My morning reads to start your week:

• Retirement Investing vs. ‘Performance Delusion‘ (Forbes)
• Mutual fund investors are often their own worst enemies, prone to poor timing (StarTribune) see also Fund Fees: Slash Them Early (MarketRiders)
• Protecting Power Grids from Hackers Is a Huge Challenge (MIT Technology Review)
• Your Brain Is Hooked on Being Right (Harvard Business Review)
• Berkshire Profit Advances 49% on Buffett’s Derivatives (Businessweek) but see Buffett underperformed the S&P last year (Fortune)
• Sci-fail: Genius Obama says he ‘can’t do a Jedi mind meld’ (Twitchy)
• A Sneaky Way to Deregulate (NYT) see also Promises, Promises at the New York Fed (NYT)
• This Story Stinks: A word about comments (NYT)
• This is why Obama can’t make a deal with Republicans (Wonkblog) see also Four reasons Republicans are embracing the ‘sequester’ (Christian Science Monitor)
• A Few Things You May Not Know About Seth MacFarlane (Neatorama)

What are you reading?


Government Payrolls Shrinking Even Before the Sequester

Source: Real Time Economics

Category: Markets

Please use the comments to demonstrate your own ignorance, unfamiliarity with empirical data and lack of respect for scientific knowledge. Be sure to create straw men and argue against things I have neither said nor implied. If you could repeat previously discredited memes or steer the conversation into irrelevant, off topic discussions, it would be appreciated. Lastly, kindly forgo all civility in your discourse . . . you are, after all, anonymous.

18 Responses to “10 Monday Reads”

  1. ConscienceofaConservative says:

    Out On A Limb – An Investor’s Guide to X-treme Monetary and Fiscal Conditions

  2. rd says:

    Ashley Judd may run against Mitch McConnell. One of his main weapons to win re-election is his ability to deliver Federal jobs and funding to Kentucky:

    It will be interesting to see what the sequester does to Kentucky.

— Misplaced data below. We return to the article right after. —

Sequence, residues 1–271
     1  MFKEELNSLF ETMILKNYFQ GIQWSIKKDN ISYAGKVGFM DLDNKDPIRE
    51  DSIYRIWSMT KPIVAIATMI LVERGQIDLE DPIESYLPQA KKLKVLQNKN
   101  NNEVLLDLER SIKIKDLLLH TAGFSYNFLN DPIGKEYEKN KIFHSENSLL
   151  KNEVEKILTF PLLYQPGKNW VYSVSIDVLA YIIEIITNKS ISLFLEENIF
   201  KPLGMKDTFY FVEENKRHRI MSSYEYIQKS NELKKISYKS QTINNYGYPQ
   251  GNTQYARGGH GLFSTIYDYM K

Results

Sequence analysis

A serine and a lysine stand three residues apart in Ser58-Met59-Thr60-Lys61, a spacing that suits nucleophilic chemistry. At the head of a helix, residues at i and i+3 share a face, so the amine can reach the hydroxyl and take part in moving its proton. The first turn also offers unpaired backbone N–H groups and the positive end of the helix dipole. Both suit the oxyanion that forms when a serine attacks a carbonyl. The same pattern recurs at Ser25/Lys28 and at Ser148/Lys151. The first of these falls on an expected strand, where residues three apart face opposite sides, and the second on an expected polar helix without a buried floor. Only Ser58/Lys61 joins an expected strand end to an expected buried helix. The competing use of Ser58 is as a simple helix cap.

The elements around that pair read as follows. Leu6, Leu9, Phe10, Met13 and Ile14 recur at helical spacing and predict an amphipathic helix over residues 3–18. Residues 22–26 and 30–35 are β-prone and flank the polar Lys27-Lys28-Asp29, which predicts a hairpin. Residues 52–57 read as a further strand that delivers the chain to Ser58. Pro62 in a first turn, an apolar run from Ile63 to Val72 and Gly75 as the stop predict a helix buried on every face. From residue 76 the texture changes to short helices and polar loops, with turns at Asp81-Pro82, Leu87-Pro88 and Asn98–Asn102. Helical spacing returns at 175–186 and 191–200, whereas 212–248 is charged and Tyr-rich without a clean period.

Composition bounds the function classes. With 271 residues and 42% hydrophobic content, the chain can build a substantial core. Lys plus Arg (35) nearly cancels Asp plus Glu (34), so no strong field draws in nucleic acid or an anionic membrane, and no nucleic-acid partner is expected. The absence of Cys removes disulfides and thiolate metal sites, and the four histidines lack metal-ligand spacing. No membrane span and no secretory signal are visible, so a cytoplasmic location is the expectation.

The ironies abounding of federal cost-cutting in red states reliant on federal jobs and funding are so plentiful, one barely knows where to start.

  3. Oral Hazard says:

    The Aaron Swartz story just gets more heartbreaking with the telling:

  4. willid3 says:

    beginning to wonder if the low interest rates aren’t really helping. not that it would matter a lot, companies aren’t interested in loans as it is. and consumers aren’t wanting them much either, so no matter what the Fed does, the actual interest rate wont climb much. and maybe that low interest rate it actually driving the stock market and some more risky investments. usually low interest rates will drive companies to grow. and hire workers but maybe things have changed and they dont really want to grow any more. just keep their profit margins as high as they can. and hope that what little demand there is will keep them a float for a while. and keep that executive pay high, and make bonuses bigger.

    but not do much to increase hiring and do much to increase the real economy.
    sounds like the 19th century economy

  5. farmera1 says:

    More on the vulnerability of our infrastructure (power grids, water, military etc) to hacking.

    China Hackers Could Neutralize U.S. Defenses With a Few Button Clicks

    “The United States is heavily dependent on information technology for defense and military purposes, banking, and transportation as well as to deliver power, fuel and water across the country; therefore, America is highly vulnerable to cyber attacks. According to Shawn Henry of the Federal Bureau of Investigation, “cyber threats are an existential one, meaning that a major cyber attack could potentially wipe out whole companies. It could shut down our electric grid or water supply. It could cause serious damage to parts of our cities, and ultimately even kill people”

  6. willid3 says:

    maybe this is a beginning?

    maybe we should follow in the Swiss lead on this?

  7. VennData says: